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First post in a new series: Praying about Jesus’s miracles

Lynne Baab • Wednesday April 3 2024

First post in a new series: Praying about Jesus’s miracles

Jesus turns water into wine. I click on my laptop screen. These two events are connected in my mind, and today I want to tell you how and why.

On Tuesday two weeks ago, I clicked the online button to set up my Patreon account. This had been in the works for nine months. Most of that time involved trying to get my mind around doing it — something God continued to nudge me about and that I had no desire to do. However, despite my resistance, I completed numerous small steps now and then. The Patreon account allows my beloved readers to support this ministry of my blog and website if you want to.

Later on the day of that final mouse click, I told a friend I had finally done something after resisting it for nine months. She replied, “What did you do to celebrate?”

Hmm . . . nothing. Celebrating does not come easily to me. After I pushed that last button on my laptop screen, I picked up my to-do list to see what I might tackle next.

This is the first post in a series about praying about Jesus’s miracles, and today, I want to focus on the wedding at Cana, a story of celebration. Over the next few weeks, I’ll write about miracles of Jesus that have spoken to me and drawn me into prayer. Most of them have been encouraging and illuminating. This first post focuses on a miracle that has never resonated with me but that God has used to gently push me in uncomfortable directions.

You’ll remember that the story comes early in the Gospel of John (chapter 2:1-11). At a wedding, Jesus’s mother notices the wine is running out, and she points that out to Jesus. His words in reply have always sounded oppositional to me: “Woman, what concern is that to you and to me? My hour has not yet come” (verse 4). This is one of the very few places in the Gospels where I don’t like Jesus’s attitude. Jesus then asks the stewards to fill six large jars with water. The wine Jesus creates in those jars is high quality, better than the wine served earlier at the wedding. After tasking it, the chief steward says, “Everyone serves the good wine first, and then the inferior wine after the guests have become drunk. But you have kept the good wine until now” (verse 10).

I don’t like that Jesus’s first miracle in John involves alcohol. The chief steward implies that people are already drunk, and I don’t like to think about Jesus adding to drunkenness. I don’t like that his first miracle seems to me to be meaningless in terms of lasting human well-being.

Some of my dislike of this story comes from my own history. As the mother of two sons, I’m not wild about a son being rude to his mother. As the daughter of parents who drank way too much 365 days a year, I’m not enthusiastic about anything that brings more alcohol into a situation where people have already had enough. And as a person who doesn’t know how to celebrate (maybe because of all the alcohol at the celebrations of my childhood), I find it irritating that this first miracle in John’s otherwise beautiful Gospel is set at a wedding celebration.

In my better moments, I know it’s good for me to be a bit baffled by the way God works. One of the central growth points in my years as a Jesus follower has been one central truth: God is God, and I am not. I have prayed many times to be willing to see things God’s way and to rejoice that I am not in charge, a hard prayer.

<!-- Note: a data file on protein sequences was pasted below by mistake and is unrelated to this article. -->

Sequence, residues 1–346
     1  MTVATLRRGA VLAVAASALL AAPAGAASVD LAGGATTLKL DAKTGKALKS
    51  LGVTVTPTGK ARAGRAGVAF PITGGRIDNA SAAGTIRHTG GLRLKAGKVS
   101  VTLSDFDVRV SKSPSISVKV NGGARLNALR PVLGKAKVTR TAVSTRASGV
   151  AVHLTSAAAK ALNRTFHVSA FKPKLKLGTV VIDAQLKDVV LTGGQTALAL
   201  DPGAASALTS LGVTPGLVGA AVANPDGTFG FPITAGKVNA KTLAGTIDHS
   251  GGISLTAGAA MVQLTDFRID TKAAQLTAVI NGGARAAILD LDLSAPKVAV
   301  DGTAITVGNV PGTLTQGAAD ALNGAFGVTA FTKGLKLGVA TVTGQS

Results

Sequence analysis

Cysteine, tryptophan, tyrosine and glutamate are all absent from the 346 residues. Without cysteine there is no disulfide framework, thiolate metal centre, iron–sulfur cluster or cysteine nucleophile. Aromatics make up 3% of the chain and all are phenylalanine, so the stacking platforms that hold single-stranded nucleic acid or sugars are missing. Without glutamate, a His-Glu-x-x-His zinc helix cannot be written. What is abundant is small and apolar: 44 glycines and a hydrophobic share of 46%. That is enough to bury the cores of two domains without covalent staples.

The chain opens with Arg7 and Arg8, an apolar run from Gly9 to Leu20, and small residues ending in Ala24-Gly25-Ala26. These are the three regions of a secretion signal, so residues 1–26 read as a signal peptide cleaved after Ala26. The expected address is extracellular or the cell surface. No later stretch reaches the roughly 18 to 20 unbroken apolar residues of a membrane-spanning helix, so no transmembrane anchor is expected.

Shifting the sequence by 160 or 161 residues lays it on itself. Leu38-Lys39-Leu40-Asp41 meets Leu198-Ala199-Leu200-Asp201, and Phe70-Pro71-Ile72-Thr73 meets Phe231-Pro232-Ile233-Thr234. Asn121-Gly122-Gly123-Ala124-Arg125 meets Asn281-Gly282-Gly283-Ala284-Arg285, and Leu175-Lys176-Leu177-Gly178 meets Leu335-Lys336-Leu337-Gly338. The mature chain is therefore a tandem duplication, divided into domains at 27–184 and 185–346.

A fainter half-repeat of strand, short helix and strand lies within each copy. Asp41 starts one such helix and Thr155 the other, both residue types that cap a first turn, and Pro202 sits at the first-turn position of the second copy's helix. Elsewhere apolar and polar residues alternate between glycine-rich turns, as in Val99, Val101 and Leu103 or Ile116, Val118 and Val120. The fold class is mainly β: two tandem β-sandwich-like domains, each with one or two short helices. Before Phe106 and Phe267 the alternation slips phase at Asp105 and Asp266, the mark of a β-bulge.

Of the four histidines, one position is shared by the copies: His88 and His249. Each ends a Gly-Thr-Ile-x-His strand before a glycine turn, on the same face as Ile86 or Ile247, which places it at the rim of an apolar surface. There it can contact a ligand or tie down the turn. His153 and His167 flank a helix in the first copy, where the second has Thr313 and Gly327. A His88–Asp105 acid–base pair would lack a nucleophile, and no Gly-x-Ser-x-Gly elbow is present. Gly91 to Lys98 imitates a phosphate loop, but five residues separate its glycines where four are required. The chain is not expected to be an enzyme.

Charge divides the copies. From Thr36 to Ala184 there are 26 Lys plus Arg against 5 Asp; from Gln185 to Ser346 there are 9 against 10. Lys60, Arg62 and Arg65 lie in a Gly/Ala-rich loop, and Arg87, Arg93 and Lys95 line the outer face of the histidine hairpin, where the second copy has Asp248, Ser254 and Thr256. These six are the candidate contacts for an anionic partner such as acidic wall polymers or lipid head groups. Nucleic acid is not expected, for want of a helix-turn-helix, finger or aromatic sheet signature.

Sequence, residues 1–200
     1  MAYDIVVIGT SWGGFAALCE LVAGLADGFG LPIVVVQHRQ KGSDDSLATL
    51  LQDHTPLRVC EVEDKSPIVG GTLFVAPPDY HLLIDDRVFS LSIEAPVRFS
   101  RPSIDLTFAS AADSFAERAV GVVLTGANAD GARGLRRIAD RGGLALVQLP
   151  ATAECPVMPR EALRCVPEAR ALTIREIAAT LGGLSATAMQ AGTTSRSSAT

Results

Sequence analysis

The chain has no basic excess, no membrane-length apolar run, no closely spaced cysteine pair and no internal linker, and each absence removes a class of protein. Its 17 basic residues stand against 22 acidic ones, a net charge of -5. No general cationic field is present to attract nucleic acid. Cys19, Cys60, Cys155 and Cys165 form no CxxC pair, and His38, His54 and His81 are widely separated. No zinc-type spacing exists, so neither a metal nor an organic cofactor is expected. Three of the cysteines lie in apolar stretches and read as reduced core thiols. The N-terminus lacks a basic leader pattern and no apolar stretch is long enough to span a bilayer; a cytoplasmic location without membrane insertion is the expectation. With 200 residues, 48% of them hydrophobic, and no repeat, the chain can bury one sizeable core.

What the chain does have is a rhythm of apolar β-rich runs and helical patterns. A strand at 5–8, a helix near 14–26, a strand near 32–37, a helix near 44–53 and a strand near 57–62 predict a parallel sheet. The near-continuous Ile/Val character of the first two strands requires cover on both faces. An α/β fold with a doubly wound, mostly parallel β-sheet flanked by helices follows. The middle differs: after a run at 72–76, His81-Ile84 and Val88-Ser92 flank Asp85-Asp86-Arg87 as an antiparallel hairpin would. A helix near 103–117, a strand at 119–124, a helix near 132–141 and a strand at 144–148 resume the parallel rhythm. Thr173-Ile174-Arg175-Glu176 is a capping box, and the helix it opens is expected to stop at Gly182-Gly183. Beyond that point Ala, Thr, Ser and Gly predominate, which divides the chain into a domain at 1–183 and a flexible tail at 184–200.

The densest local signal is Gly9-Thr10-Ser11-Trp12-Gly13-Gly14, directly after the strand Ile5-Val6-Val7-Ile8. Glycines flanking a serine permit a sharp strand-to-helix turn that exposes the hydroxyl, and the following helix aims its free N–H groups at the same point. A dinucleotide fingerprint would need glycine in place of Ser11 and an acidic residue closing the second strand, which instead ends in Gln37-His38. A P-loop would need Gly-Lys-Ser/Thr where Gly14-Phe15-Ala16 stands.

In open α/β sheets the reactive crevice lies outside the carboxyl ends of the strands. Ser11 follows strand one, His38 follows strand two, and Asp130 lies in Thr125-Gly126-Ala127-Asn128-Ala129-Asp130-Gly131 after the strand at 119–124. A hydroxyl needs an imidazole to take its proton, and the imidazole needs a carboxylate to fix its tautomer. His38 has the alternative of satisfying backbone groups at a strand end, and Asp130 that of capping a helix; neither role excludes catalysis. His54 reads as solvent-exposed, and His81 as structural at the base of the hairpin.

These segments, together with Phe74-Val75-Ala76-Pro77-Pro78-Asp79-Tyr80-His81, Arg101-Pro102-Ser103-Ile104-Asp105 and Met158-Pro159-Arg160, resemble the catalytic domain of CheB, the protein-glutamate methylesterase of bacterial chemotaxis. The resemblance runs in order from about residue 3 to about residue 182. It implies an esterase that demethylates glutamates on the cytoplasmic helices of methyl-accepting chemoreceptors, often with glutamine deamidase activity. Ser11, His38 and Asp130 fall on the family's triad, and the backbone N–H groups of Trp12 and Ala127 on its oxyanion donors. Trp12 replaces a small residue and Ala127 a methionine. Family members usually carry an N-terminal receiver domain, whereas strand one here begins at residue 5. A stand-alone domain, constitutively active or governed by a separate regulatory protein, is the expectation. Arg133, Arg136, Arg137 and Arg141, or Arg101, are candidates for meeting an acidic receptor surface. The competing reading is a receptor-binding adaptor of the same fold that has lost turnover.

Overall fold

And yes, I can give assent to the symbolism of this event – scarcity becomes abundance, Jesus as a servant, wine as a foreshadowing of the Last Supper and Holy Communion, and a wedding as a symbol of the union and celebration we will experience in the new Jerusalem someday. Okay, the symbolism is vivid and powerful, but why did it have to involve alcohol?

Because all parts of God’s creation are good when used with wisdom and gratitude. Because we are the branches of the vine, called to bear good grapes as we abide in Jesus, the Vine (John 15:1-11). Because I am not God. I do not get to decide a whole lot of things.

And because celebrations matter. After my friend asked me what I did to celebrate after I made that mouse click two weeks ago, I’ve been doing an informal poll about how people celebrate. I’ve heard about flowers, cake, special dinners, meals out, a new rain jacket for hiking after a nerve-wracking medical appointment, a pair of earrings to celebrate a big graduation, and birthday parties to celebrate God’s gift of life. None of the people I asked mentioned a special bottle of wine, but I am quite sure that if I had kept asking, someone would have said that good wine plays a role in celebrating.

God, many times you have opened our eyes to your truth in the Bible. Sometimes we are immediately aware of the insight and wisdom that come to us through stories in the Gospels. Other times we are baffled. Help us pray for willingness to see things your way and to accept that we will never understand everything you do. You are God. We are not. And for myself specifically, teach me how to celebrate your many good gifts.  

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Next week: Jesus touches and heals a leper. Illustration by Dave Baab: me on our wedding day (painted from a photo 26 years after we were married).

My six-month series on friendship, loneliness, and prayer ended last week. If you’d like to read it from the beginning, the first post is here.  The series before that focused on spiritual practices and prayer. The first post of that series is here.

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